Contemporary music in general, and rock music in particular have not been sufficiently theorized within Marxism. While many of the early rock critics, notably the late Ellen Willis and her then-partner, Robert Christgau, who is still working today, were Marxists, they wrote short capsule reviews, never getting to what they planned, according to Christgau as a “theory of popular culture”, in response to Dwight MacDonald’s “mass-cult and mid-cult”. Even more so improvisation as a practice within popular music – but also even jazz. Writers on jazz, from Eric Hobsbawm to Robyn Kelley have focused on the overall political and cultural significance, without specifically focusing on technique, let alone improvisation. Writers on rock music, even the most critical, notably Reebee Garafalo, are stuck with a sense of descriptivism – they certainly engage with improvisation, yet in a vacuum and often at the expense of cultural and political significance.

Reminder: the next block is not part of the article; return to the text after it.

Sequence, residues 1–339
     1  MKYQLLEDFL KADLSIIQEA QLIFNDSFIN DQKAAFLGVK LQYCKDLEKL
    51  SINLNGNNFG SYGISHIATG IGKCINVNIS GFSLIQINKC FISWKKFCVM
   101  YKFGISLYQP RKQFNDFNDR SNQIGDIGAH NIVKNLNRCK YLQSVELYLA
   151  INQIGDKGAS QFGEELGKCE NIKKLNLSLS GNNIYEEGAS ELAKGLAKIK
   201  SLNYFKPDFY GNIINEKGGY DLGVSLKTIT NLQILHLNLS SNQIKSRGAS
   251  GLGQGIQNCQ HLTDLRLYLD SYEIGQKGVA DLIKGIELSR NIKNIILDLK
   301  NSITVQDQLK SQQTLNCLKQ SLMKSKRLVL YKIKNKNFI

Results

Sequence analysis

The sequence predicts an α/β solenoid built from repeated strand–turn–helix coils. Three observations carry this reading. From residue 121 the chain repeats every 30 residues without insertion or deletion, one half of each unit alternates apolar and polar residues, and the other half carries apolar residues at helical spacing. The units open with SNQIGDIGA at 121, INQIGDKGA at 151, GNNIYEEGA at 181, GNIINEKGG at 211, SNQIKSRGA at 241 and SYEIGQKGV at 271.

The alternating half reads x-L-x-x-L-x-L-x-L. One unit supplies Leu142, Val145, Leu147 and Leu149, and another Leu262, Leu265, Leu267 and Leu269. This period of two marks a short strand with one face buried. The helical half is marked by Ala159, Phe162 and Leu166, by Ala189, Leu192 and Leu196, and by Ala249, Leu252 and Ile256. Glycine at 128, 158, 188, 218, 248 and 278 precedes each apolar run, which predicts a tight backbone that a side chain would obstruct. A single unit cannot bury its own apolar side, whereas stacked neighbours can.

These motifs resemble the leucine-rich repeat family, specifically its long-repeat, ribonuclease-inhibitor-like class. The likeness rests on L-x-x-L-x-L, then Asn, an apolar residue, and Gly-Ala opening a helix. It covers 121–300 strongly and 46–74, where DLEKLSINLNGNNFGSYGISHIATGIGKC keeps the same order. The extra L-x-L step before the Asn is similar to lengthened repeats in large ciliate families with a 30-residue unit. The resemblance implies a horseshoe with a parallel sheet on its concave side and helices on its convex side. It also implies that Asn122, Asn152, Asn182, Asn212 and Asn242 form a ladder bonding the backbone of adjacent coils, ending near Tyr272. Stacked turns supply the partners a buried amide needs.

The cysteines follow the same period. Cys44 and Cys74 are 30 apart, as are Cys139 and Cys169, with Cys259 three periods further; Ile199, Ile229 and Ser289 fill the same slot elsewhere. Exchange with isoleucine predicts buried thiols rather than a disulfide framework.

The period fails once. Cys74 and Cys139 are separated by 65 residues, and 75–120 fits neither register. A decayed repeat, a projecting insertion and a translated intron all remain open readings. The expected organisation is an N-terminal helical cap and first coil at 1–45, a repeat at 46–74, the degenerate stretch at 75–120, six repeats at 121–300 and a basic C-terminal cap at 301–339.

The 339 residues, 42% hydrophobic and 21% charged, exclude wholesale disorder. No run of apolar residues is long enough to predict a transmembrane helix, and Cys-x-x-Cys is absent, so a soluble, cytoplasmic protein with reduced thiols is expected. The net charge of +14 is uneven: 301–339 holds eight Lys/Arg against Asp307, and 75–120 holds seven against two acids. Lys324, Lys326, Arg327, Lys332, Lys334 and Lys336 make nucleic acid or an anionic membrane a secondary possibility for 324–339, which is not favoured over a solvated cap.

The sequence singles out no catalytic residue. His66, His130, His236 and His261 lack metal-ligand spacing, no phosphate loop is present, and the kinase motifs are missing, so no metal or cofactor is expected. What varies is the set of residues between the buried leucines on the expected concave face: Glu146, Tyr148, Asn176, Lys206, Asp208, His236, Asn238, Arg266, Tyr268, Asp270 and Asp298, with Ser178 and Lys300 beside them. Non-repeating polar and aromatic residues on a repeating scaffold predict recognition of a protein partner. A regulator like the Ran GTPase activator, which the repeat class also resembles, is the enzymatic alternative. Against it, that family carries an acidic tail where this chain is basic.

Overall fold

Even Anderson, debating with fellow New Left Review contributor David Fernbach, best known as perhaps Marx’s best translator, argued explicitly against technical analysis of these new cultural forms. Fernbach had called for what he termed a “rock aesthetic” and Anderson felt this was unnecessary, what was necessary, rather was an analysis of rock music only in its social function and lyrical content. Anderson was right, perhaps that Fernbach was suggesting taking concepts from other forms of Marxian critical analysis and applying them to music. This was at a time in which great film theorists such as Peter Wollen were developing sets of axioms with which to engage Godard, Hitchcock et al. Perhaps what is needed, for rock music in general, and for the utopian quality of improvisation in particular, is a specific rigorous theorization as to both what improvisation is, how to categorize and analyse it in its different forms. It is only then, once we develop a “way of listening” to improvisation, that we can concretize the utopian character of improvisation. Unsurprisingly, the most rigorous theorization of improvisation does not come from theorists, but from a fan culture.